10) Brain in a Jar: Again, another example of this guy either not reading the entry for the creature, or simply refusing to care, the Brain in a Jar is unlikely to be alone, and has a selection of psionic abilities to keep enemies at bay. Yes, you could probably just kick it over… If you can get close enough.

9) Digester: I’m not even going to try to defend this loser…

8) Moon Rats: What, you don’t think Moon Rats are awesome? It’s a rat that plots to overthrow civilization. I’m also pretty sure they don’t completely lose their intelligence in the day. Even if they do, they’re probably smart enough to work around this weakness. And they’re not really distinguishable from normal rats. Paranoia Fuel, man…

7) Ash Rats: Pretty sure I  don’t have the book these things are in, but they are not on fire, they are made of fire. Makes it a very different ball game, I’m afraid.

 6) Grell: I’m sorry. These things are fucking scary. Creepy as hell and more than capable of tearing a grown man apart, yes, D&D overdoes the whole “floating” thing, but you know. It’s magic. They don’t have to explain it…

5) Atropal: Again, this guy doesn’t seem to have played a lot of D&D. Or any RPG for that matter. An Atropal is a nascent godling, killed before it could even truly be born. It is not a mortal fetus (as an undead fetus would be unsettling, but probably harmless) but rather, the stillborn remains of a god. Even dead gods in D&D still have some kind of power. An undead god? It’s the kind of thing that keeps people awake at night…

4) Hippocampus: Intelligent sea creatures use them as underwater mounts. I admit the horse head is nonsensical, but someone might have been thinking of a Kelpie…

3) Porcupine Cactus: There are actual plants in our world that undergo reproduction by exploding. It’s not as stupid as it sounds. Though, I admit, this thing should have been a hazard, not a creature…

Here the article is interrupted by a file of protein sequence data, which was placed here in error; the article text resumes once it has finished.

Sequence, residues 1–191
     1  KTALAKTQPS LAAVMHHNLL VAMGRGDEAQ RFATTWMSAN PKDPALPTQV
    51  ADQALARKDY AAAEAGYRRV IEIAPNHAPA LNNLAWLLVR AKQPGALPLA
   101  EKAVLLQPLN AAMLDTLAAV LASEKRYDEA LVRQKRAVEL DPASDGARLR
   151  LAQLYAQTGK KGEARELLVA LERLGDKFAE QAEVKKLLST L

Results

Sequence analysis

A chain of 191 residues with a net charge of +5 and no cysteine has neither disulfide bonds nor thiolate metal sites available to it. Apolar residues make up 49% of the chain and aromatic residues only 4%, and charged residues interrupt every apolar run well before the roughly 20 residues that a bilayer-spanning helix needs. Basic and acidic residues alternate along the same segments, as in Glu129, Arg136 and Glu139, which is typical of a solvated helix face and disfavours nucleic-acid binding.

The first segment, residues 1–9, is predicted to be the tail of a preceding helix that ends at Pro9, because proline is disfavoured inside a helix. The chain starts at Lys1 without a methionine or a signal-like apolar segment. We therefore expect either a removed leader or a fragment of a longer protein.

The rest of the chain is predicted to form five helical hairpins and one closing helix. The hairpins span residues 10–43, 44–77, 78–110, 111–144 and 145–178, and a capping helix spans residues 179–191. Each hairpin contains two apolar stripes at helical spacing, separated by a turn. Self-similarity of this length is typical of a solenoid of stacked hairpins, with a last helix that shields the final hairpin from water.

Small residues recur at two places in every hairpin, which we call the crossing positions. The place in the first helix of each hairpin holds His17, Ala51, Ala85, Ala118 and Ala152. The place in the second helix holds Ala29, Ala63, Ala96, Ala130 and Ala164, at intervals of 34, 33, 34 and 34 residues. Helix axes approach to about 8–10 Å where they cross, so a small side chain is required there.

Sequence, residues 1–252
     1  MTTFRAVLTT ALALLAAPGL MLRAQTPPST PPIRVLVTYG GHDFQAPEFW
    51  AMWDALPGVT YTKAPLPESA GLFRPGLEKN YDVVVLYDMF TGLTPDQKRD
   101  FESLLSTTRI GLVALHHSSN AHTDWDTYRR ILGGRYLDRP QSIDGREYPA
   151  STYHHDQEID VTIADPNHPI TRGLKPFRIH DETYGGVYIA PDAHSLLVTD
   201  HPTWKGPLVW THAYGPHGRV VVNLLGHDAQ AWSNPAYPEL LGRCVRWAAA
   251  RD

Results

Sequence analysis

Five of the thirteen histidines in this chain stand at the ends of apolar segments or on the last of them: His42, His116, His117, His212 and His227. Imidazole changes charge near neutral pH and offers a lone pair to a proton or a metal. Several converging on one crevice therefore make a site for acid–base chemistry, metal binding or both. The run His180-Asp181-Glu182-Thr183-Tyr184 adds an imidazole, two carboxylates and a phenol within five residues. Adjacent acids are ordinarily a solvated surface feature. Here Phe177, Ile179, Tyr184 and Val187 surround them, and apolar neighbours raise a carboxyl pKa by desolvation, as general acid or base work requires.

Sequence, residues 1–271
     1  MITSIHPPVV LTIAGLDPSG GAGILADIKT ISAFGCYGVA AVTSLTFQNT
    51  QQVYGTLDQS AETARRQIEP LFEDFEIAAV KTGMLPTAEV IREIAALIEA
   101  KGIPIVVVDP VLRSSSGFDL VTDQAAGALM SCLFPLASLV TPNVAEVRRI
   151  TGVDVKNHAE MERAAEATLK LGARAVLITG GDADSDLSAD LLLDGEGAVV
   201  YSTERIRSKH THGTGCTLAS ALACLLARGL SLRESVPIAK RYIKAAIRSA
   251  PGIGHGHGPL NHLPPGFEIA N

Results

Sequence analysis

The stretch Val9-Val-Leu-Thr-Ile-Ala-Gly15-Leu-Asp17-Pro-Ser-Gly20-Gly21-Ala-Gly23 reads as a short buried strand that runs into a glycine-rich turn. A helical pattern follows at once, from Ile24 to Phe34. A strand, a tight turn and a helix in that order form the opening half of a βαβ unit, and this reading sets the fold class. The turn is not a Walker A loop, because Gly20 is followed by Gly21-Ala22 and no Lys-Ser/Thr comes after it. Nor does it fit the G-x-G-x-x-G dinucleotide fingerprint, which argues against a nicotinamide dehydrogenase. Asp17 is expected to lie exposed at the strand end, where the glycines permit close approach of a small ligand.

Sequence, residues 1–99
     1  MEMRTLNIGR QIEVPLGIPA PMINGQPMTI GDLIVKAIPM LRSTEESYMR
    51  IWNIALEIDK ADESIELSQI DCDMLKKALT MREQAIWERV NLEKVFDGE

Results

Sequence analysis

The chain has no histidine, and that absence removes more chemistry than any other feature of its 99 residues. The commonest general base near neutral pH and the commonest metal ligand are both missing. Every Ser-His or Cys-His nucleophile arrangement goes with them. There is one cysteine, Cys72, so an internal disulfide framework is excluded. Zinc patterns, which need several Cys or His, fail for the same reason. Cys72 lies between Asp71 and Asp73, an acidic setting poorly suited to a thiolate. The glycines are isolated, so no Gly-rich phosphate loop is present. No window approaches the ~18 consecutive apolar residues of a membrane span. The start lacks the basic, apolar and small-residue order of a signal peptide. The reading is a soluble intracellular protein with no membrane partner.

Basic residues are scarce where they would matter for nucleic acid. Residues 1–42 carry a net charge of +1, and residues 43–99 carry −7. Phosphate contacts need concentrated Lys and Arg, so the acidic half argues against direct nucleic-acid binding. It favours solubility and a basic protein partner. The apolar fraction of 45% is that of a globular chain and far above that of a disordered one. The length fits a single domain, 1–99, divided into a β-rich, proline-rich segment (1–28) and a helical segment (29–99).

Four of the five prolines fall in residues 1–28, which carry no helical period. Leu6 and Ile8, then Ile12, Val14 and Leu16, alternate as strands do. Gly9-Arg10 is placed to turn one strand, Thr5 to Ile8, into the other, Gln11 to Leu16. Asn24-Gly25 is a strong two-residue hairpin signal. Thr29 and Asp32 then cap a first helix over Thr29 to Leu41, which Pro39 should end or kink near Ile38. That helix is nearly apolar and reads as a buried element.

2) Anguillian: Yeah. I have no idea why these things use spears either… Otherwise, I think they’re pretty intimidating and I have no idea why they’re so high up on this list. Why, it’s almost like he looked through art and just picked the strangest-looking things he could find, and then made snarky, out of context commentary about them. My word, what could ever give me that impression?

1) Gelun: Oh. Right. I admit the concept is a bit bizarre, and yeah, while frozen, a Gelun is utterly helpless. That’s kind of the point. They’re meant to be pathetic. Creatures that once had a destiny elsewhere, who now cannot live in environments lower than a hundred degrees farenheit. They have some formidable powers, and are dangerous in groups, but for the most part, are just kind of sad. Not every monster is going to be as threatening as a Pit Fiend, or as intimidating as a dragon. Some are just going to be pitiful.

Overall… Yeah, it has some losers on it, but it didn’t even begin to scratch the surface of even MM1. I mean, the Ethereal Filcher? The Destrichan? No mention at all of the Bulette? I’d say I expect better from Cracked, but I really don’t.

I need to look into this topic myself someday soon.